Junior Boys

Ask most musicians about the inspiration behind their latest magnum opus and, at best, you’ll get some barely thought out guff about wanting to emulate the Beatles/Kraftwerk/Miles Davis/insert any other exalted artist within the canon of popular music. At worst you’ll be confronted with shoulder-shrugging indifference: “Just listen to the music, man.”

Ask Junior Boys’ Jeremy Greenspan about what motivated the making of his and partner Matt Didemus’ fourth album, It’s All True, however, and you’re soon basking in a multitude of cultural, geographic and gastronomic touchstones: namely Orson Welles, Howard Hughes, China, in particular Shanghai, Japan (the band, not the country) Banana Ripple ice cream, Carl Craig and analogue synths, but mostly Orson Welles.

But then Junior Boys, as their three albums to date (2004’s Last Exit, So This Is Goodbye from 2006 and Begone Dull Care from 2009) attest, are not like other outfits. Musically, they marry everything from post punk, disco, techno, R’n’B and electronica with soul, dubstep, house, splintered pop and traces of world music into one cohesive whole. They are at once warm and inviting, yet ice cool; clever but instantly accessible; mercurial and utterly fascinating – all descriptions that go some way to defining their most comprehensive musical statement to date, It’s All True.

So just how do you go about fusing the aforementioned, seemingly disparate, influences into a creative and vibrant body of work? The answer lies in Orson Welles final film, F For Fake. Essentially a movie-cum-documentary about art forgery, many of the oblique themes that abound in F For Fake resonated with Greenspan. Especially after Junior Boys last album, a conceptual piece about little-known Canadian animator Norman McLaren, failed, in Greenspan’s words, “to gain traction with people”. “F For Fake is in many senses a cynical movie about how art is more about gimmickry and branding than it is about the art,” explains Greenspan from his home in Hamilton, Ontario. “And that was how I was feeling about the music industry. By the time of Begone Dull Care it had become as much about marketing strategies and viral clips as it had the music. All this began to weigh down on me. And so the more I read about Welles the more I became fascinated by him.”

A two-month sojourn to China lightened the mood (“All the pressures of hype and what have you just melt away when you’re faced with a society that doesn’t know you or your world,” a relieved Greenspan explains) and it was while in Shanghai that some of the musical ideas and sketches that Greenspan had been working on back in Canada began to take shape. Indeed, he feverishly worked with and recorded a number of local musicians for the album while out in China. Soon after Didemus flew back to Ontario from his home of Berlin and following two month-long stints of writing and recording, It’s All True came together.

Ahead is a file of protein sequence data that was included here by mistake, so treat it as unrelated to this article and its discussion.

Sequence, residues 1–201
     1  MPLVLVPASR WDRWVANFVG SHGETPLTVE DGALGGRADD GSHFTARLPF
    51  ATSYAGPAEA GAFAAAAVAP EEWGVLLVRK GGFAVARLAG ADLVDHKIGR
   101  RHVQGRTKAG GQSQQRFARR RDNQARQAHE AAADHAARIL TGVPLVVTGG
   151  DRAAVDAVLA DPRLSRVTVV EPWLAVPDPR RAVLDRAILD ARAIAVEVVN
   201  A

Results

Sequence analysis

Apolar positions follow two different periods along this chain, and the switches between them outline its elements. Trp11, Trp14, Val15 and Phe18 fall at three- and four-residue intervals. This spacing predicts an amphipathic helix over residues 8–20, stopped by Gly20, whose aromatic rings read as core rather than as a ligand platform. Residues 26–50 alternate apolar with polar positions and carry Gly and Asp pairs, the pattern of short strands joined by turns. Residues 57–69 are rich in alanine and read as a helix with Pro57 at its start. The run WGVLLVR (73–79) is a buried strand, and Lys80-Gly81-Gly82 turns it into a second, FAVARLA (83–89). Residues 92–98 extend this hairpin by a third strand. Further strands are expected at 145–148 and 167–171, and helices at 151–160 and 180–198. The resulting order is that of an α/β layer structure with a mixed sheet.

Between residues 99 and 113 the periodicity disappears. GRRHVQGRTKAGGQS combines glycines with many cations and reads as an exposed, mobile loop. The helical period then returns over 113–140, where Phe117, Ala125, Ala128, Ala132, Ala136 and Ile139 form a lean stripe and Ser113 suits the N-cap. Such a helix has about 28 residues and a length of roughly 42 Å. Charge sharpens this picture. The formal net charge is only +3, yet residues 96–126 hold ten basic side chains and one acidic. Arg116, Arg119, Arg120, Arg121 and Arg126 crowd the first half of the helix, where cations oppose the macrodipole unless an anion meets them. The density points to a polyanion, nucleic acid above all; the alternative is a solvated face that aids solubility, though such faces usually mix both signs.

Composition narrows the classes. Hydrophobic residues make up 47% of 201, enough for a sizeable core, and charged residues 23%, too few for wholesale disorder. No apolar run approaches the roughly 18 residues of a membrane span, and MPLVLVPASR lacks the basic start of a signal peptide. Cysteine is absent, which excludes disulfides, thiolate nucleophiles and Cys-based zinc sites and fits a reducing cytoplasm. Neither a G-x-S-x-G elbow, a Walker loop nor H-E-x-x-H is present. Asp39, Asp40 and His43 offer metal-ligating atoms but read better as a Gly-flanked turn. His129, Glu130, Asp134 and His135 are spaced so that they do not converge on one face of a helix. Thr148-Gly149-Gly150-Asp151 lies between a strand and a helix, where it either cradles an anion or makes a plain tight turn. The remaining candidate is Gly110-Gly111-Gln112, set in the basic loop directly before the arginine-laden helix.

The result is nothing short of extraordinary. Thematically it’s provocative, angry and ultimately conciliatory (it doesn’t take a relationship counsellor to recognise It’s All True is also a break-up record), but musically this fractious undercurrent plays itself out in a hive of weird and effervescent electronic pop. In an among opener Itchy Fingers’ stuttering beats, neo soul and Chinese harps there are echoes of 80s synth-pop heroes Talk Talk and Japan, while the beautifully sparse and emotive Playtime comes on like a slo-mo torch song at sunset.

Elsewhere there's the slinky stomp  on the laidback You'll Improve Me; fractured R’n’B on A Truly Happy Ending and haywire robotic funk on the instrumental Kick The Can. Meanwhile, the wistful Second Chance, which out broods the current star of melancholic dance music Jamie Woon, talks about the danger of living in the past with its nod towards burned-out ravers, and the closing Banana Ripple is an utterly bonkers anthem that sounds like DaM-Funk fronting X-Press 2 and is a suitably joyous and hopeful denouement. In essence it’s an album made by someone utterly immersed in the art and process of making music. 

“It’s a complete compulsion,” Greenspan confides. “I became obsessive with the sound and being in the studio. It is an album born of someone who loves being in the studio. Everything I want is in my studio: it’s tiny, hot and in complete disarray. There are cables everywhere.” Such an approach is most explicit in Banana Ripple. An ode to reclusive film mogul Howard Hughes and his short-lived penchant for banana ripple ice cream. The track was conceived as a way of capturing the madness of Hughes’s later life. So although Junior Boys might be known for their way with minimalism, Greenspan wanted to go sonically where he had never gone before. “There’s 170 tracks of audio on there,” he laughs. “I wanted to overwhelm people. There’s so much on there whirring around. It’s insane, but at the same time really precise. Like the rest of the album I wanted it to be viscerally immediate.”

And what of the album’s ostensibly confessional title? Well, again a Welles-like sleight of hand is at play. It’s All True was to have been a quasi propaganda film made by Welles during World War II in Brazil. In true megalomaniacal fashion the film went ridiculously over budget, it was never finished and is oft cited as further evidence of Welles wilfully squandering his voluble talents. Which is something that can’t be said of Junior Boys. Believe us; it’s all true.

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Years at Green Man:
2010, 2012
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